The transparency provided by comprehensive logging is one of the cloud’s most consequential security and compliance benefits. Using logs allows you to record all processing data so that you can track access and user actions to identify potential errors. Businesses that use AWS must also understand how to leverage the platform’s tools to achieve the visibility they need to improve security, compliance, and governance through logging. AWS CloudTrail is one of the foremost logging tools offered today to help you achieve that visibility. 

What Is AWS CloudTrail?

AWS CloudTrail is a logging service that records account activity across your AWS environment. When users, roles, or services carry out an action, it is recorded as a CloudTrail event. You can view events in the  CloudTrail console’s event history interface, and, by default, CloudTrail retains logs for the last 90 days. 

AWS CloudTrail Best Practices

As with all AWS services. users must configure AWS CloudTrail correctly to leverage its security, governance, and compliance capabilities. The best practice tips below will allow you to optimize your use of AWS CloudTrail.

Create a Trail

While CloudTrail provides some useful logging capabilities out of the box, creating a trail makes the service far more capable, comprehensive, and configurable. Trails allow you to specify where your monitored resources and recorded events will be sent.  These are sent as log files to an Amazon S3 bucket that you specify.  CloudTrail stores events as a JSON object with information such as the time at which an event occurred, who made the request, the resources that were affected, and more.

This is particularly important for companies that require a permanent long-term record of cloud activity for compliance purposes Without a trail, CloudTrail deletes logs after 90 days. 

Enable CloudTrail in All Regions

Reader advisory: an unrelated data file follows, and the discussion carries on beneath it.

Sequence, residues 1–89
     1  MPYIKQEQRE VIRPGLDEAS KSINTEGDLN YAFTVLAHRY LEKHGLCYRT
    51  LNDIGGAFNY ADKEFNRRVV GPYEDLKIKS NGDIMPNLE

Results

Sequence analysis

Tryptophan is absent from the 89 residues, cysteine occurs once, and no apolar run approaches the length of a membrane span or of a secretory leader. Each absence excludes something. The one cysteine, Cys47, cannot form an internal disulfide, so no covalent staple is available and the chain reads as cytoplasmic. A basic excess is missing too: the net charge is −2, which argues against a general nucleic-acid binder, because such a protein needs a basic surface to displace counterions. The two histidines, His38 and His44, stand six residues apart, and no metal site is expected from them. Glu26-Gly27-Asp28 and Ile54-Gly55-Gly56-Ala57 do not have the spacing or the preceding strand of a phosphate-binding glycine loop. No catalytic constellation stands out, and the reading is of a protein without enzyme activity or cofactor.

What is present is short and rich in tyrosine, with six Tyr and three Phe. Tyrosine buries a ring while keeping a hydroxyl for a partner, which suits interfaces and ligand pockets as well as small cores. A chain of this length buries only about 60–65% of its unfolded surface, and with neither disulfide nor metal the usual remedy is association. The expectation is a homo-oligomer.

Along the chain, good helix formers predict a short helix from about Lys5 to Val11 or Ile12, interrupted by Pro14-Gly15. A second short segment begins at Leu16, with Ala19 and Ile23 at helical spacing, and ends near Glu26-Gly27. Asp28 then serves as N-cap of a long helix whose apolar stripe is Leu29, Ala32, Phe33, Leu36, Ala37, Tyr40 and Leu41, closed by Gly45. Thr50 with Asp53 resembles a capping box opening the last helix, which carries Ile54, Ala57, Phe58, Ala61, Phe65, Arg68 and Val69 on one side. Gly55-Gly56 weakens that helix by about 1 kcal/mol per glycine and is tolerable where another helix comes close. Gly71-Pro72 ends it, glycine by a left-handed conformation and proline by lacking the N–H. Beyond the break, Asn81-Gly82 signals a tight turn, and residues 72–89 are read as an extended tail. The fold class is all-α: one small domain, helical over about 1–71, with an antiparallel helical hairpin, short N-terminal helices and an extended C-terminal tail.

Unless a trail is intended to focus exclusively on a specific region, you should enable CloudTrail logging for all regions. Enabling CloudTrail for all regions maximizes insight into activity on your AWS environment and ensures that issues don’t go unnoticed because they occur in an unlogged region. 

Ensure CloudTrail Is Integrated With CloudWatch

CloudTrail is most useful if it is integrated with AWS CloudWatch. While CloudTrail generates and stores comprehensive logs, they aren’t actionable unless they are available to users in a form that is easy to interpret and analyze. That’s CloudWatch’s primary role; it allows users to visualize and analyze logs and provides sophisticated alerting and automation capabilities based on logged events. 

Store CloudTrail Logs in a Dedicated S3 Bucket

CloudTrail stores trails in an S3 bucket. As we’ll see in a moment, it’s essential to control access to this bucket because it contains information that could be useful to a malicious actor. Implementing an effective access policy for CloudTrail logs is easier if they are stored in a dedicated bucket used only for that purpose. 

Enable Logging on the CloudTrail S3 Bucket

Amazon S3’s server access logs record bucket access requests, helping administrators to understand who has accessed CloudTrail logs, information that may be useful during compliance audits, risk assessments, and security incident analysis. We recommend configuring the CloudTrail S3 bucket to generate server access logs and store them in a different bucket, which also has secure access controls. 

Configure Least Privileged Access to CloudTrail Logs

As we have discussed in previous articles on AWS security, S3 buckets are often misconfigured so that their contents are publicly accessible. Exposing sensitive log data in this way creates a critical vulnerability. S3 buckets that store CloudTrail logs should not be publicly accessible. Only AWS account users who have a well-defined reason to view logs should be given access to the bucket, and access permissions should be reviewed regularly. 

Encrypt CloudTrail Log With KMS CMKs

CloudTrail logs are encrypted by default using S3-managed encryption keys. To gain greater control over log security, you can instead use encryption with customer-created master keys (CMK) managed in AWS Key Management Services

There are several benefits to using CMKs instead of the S3’s default server-side encryption. CMK’s are under your control, so you can rotate and disable them. Additionally, CMK use can be logged by CloudTrail, providing a record of who used the keys and when they used them. 

Use CloudTrail Log File Integrity Validation

AWS CloudTrail logs play an essential role in the security and compliance of your AWS environment. As such, you must be able to determine the integrity of log files. If a bad actor gains access to AWS resources, they may delete or edit logs to obscure their presence. CloudTrail log file validation generates a digital signature of log files uploaded to your S3 bucket. The signature digest files can be used to verify that logs have not been edited or otherwise tampered with. 

Define a Retention Policy for Logs Stored in S3